@ Sandra K --- Who peed in your corn flakes this morning, or are you always so hurtful and racist? Why don't YOU source the story on Muslim and Buddhist mass farming. BTW, I have flagged your comments about Rosemary G and Shalvah L as hurtful, racist, and rude.

@ Michael C --- I find your comments hateful, racist and rude too. I have flagged your comments as they do not belong here.

This is a forum for civil discourse, not for personal attacks, bullying and the like. We can disagree but there is no room for disrespect.

Penny C.
penny C.5 years ago

Interesting.

Judy Emerson
Judith Emerson5 years ago

P.S. Berny P.: The Palestinians have been pushed into tiny pockets in the own land. Many productive Palestinian farms have been stolen by the ruling Israeli's, who also use the bulk of the water supply & allow the Palestinians very little water. How can this situation be ended? Even now, officially, the USA cares not a fig for the Palestinians. Whatever support they receive is from individuals & organizations. Justice does not exist in this conflict. Yet.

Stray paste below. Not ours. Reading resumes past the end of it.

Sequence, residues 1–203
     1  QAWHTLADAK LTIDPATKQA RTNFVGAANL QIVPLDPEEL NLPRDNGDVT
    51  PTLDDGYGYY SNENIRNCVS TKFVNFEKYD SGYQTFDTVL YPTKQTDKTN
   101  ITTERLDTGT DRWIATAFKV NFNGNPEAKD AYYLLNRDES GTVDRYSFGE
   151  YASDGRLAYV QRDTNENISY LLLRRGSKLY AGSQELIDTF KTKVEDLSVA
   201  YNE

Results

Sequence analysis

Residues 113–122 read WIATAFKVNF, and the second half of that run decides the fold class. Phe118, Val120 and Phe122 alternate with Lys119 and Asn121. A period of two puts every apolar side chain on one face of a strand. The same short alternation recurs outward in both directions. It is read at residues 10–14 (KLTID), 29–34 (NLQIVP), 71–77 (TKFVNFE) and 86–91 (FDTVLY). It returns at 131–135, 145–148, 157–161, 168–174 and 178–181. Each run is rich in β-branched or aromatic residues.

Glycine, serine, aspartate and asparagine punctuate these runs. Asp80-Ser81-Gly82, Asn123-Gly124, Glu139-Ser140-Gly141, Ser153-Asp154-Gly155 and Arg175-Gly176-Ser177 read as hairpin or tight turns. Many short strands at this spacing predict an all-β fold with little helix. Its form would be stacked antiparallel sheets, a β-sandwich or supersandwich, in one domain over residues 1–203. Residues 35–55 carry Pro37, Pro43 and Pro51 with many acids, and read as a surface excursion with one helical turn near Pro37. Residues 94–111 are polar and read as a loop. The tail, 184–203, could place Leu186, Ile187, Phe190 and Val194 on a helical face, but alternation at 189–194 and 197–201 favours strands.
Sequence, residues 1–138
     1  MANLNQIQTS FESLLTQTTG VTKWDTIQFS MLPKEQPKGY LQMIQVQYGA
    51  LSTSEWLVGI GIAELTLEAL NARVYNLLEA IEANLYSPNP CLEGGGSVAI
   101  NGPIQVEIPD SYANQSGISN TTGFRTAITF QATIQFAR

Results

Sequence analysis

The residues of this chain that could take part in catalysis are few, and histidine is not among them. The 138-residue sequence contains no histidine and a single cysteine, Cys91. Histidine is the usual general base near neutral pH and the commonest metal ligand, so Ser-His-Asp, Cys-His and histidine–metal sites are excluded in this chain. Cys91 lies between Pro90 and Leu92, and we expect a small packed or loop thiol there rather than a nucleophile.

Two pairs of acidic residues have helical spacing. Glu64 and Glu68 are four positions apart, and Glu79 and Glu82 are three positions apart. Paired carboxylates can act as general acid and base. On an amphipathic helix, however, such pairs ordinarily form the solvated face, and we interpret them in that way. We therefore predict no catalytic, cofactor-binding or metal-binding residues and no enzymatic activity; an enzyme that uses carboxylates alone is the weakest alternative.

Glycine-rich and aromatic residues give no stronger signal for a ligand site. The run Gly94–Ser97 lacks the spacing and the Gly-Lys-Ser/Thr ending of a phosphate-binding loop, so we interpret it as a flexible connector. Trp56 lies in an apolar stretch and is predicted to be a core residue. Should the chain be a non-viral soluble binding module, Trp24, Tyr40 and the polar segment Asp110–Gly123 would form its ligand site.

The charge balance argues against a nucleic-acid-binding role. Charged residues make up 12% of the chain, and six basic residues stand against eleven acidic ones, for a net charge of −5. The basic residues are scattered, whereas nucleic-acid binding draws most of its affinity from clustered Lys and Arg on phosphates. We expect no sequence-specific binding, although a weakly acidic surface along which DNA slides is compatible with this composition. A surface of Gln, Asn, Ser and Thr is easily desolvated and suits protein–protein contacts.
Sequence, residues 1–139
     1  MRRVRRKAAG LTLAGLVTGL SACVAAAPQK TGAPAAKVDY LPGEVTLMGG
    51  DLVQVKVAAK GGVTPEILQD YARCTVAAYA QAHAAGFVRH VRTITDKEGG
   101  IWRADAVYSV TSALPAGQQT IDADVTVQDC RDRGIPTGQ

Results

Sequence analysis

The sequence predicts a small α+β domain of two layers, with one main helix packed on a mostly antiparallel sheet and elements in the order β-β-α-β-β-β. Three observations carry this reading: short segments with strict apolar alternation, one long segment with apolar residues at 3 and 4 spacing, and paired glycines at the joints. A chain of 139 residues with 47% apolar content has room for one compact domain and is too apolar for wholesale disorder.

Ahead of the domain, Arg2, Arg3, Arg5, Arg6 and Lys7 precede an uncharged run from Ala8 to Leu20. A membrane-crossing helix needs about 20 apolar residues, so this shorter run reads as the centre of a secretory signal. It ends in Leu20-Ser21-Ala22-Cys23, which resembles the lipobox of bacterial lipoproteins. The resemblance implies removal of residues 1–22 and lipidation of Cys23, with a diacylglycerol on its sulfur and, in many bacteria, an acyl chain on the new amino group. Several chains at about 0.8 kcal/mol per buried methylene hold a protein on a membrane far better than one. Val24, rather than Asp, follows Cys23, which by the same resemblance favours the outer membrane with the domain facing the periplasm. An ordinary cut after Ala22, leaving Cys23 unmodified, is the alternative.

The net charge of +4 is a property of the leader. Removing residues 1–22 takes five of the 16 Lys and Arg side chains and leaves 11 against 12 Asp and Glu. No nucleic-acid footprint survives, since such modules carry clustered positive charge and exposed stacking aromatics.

Judy Emerson
Judith Emerson5 years ago

Good for them! :D

Laura Sierra
Laura Sierra5 years ago

The Nixon backed big agri stuff started before I could vote...why do people think huge and unmanageable is a good thing for a farm to be?

Bruce S.
Bruce S.5 years ago

It's interesting to see that a simple article about farming can bring out the worst in some people. But, I guess that can happen when you have a website that has members from all over the world.

Some things never change.